With staff encouraging us to take their Salmon TNT with “two fingers and one bite,” and Tomatito Chef Julio Gomez amply filling in for Chef Willy when he’s on his travels, Tomatito made us fall in love with tapas again.
Chef Julio Gomez kept up the levels of sexiness in Chef Willy’s absence.
What: A tapas restaurant that came to Saigon via Spain…and Shanghai.
Where: 171 Calmette Street, District 1
Why: Sexy sharing plates in a stylish space.
Jardin des Sens
Jardin des Sens helped Saigon understand what it takes to win three Michelin stars. Twin brothers Jack and Laurent Pourcel confidently rolled out their first restaurant in Vietnam (with more to come) and they did it with the kind of obsession to detail you’d expect from these two culinary sensations.
Jack Pourcel presiding over a stock in the kitchen of Jardin des Sens Saigon.
Of course, the heritage building helps, and the intimacy of having only 38 seats. And the service is impeccable too. But the star is the cuisine which is typically playful from “les freres” Pourcel.
Dishes at Jardin des Sens Saigon introduced diners to the Pourcel brother’s playful fine French cuisine.
What: Three-star Michelin standard fine dining.
Where: 251 Dien Bien Phu, District 3
Why: Intimate and playful, Jardin des Sens upped the standard this year.
Octo Tapas Restobar
There’s been a buzz about Octo Tapas Restobar since it opened. And Octo Tapas Restobar’s wild grand opening only amplified the excitement. Julien Thabault, the executive chef and owner, has big plans for the concept, but for now, at this top-floor hideaway on Ho Tung Mau, he’s content to innovate with head chef Pedro Goizueta.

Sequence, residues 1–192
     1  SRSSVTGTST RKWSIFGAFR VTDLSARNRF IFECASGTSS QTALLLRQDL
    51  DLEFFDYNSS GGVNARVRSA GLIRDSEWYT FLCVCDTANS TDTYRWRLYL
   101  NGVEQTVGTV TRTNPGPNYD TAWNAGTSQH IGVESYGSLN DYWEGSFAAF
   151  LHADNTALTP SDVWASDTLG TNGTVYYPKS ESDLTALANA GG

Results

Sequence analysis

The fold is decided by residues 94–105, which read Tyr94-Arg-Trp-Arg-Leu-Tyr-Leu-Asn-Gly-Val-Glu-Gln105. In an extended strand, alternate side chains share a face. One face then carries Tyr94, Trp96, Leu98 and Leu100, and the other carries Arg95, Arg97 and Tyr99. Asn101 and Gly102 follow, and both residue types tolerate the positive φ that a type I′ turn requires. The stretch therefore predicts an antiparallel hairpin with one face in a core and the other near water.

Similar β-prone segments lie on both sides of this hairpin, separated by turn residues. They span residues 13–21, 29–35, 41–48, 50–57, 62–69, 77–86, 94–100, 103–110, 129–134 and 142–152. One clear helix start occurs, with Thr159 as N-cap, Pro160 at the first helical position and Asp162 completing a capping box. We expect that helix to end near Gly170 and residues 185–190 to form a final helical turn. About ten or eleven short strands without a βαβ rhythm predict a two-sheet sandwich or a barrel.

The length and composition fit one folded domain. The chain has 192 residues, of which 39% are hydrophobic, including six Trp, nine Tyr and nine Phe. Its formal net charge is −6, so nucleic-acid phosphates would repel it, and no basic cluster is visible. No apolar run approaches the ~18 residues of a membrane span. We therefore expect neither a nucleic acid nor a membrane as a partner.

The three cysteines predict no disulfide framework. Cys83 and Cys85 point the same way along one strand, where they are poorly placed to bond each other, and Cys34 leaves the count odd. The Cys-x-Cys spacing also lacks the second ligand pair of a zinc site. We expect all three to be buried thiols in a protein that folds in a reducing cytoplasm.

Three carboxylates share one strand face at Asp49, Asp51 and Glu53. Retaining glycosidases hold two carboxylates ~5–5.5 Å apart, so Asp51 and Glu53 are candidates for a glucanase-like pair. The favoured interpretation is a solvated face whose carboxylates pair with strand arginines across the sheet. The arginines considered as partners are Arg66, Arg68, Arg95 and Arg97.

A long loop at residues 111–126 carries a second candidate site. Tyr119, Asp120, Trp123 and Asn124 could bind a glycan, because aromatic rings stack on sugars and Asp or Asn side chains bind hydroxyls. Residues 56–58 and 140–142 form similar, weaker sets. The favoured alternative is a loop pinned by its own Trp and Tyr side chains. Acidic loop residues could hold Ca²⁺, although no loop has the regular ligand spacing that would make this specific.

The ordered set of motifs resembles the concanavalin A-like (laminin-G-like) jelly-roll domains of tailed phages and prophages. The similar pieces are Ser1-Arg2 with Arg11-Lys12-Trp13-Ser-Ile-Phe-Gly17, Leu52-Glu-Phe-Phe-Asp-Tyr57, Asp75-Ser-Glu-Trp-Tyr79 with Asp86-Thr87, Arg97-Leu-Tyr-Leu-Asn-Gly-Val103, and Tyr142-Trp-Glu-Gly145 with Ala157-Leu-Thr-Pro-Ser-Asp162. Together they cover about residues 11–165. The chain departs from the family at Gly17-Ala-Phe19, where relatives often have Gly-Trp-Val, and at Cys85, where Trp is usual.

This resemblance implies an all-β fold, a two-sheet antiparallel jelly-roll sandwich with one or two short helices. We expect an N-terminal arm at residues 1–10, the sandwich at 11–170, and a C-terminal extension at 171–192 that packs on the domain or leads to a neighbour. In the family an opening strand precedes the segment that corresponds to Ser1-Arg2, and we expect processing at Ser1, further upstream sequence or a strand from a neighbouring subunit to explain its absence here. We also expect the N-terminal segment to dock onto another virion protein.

Octo Tapas Restobar’s mussels with chorizo.
The specials present a constant surprise and the classics like the braised octopus pulpo a l’OCTO are worth coming back for alone. Plus the cocktails are better than at most bars—another reason to call in during either of Octo Tapas Resobar’s two daily happy hours.
Head chef and founder Julien Thabault in the open kitchen at Octo Tapas Restobar.
What: The mollusc-themed restaurant and bar.
Where: Level 2, 75 Ho Tung Mau, District 1
Why: Exciting specials, creative core cuisine, and some cool cocktails.
People say Pizza 4P’s serve the best pizzas in Asia. And we’re inclined to agree. Not bad for a concept that began as a Tokyo garden pizza party. Pizza 4P’s make our shortlist not just for that reason, but also because they’ve expanded while doubling down on what makes them great—super service and farm-fresh ingredients, or as they put it, “delivering wow, sharing happiness.”
The Pizza 4P’s Ben Thanh designed by Shunri Nishizawa.
Their restaurants’ designs are always interesting too; each restaurant the result of a collaboration with a Japanese architect from Joe Chikamori’s original off Le Thanh Ton to Shunri Nishizawa’s borderless Ben Thanh design which we’ve selected for our shortlist ahead of his design for the Pizza 4P’s Hai Ba Trung.
One of Pizza 4P’s creative pizzas. Credit: www.vanghe.blogspot.com
What: A Japanese-owned pizza chain that began in a Tokyo back garden.
Where: 8 Thu Khoa Huan, District 1 (and other locations)
Why: Some of the region’s best pizza with farm fresh ingredients from Dalat.
Saigon’s Japanese community is so large it’s started to spill from its original base on Le Thanh Ton into Binh Thanh. With such a broad core customer base the quality of Japanese cuisine city-wide is very high. And no-one does it better than Takaaki Uemura’s Sushi Rei.
Sushi Rei’s chef Tomo handing over uni in seaweed.
Thanks to the support of Masuda Rei, who used to work at Sukiyabashi Jiro, Sushi Rei have access to the quality of fish Tsukiji market’s vendors only offer to an apprentice from the world’s most famous sushi restaurant.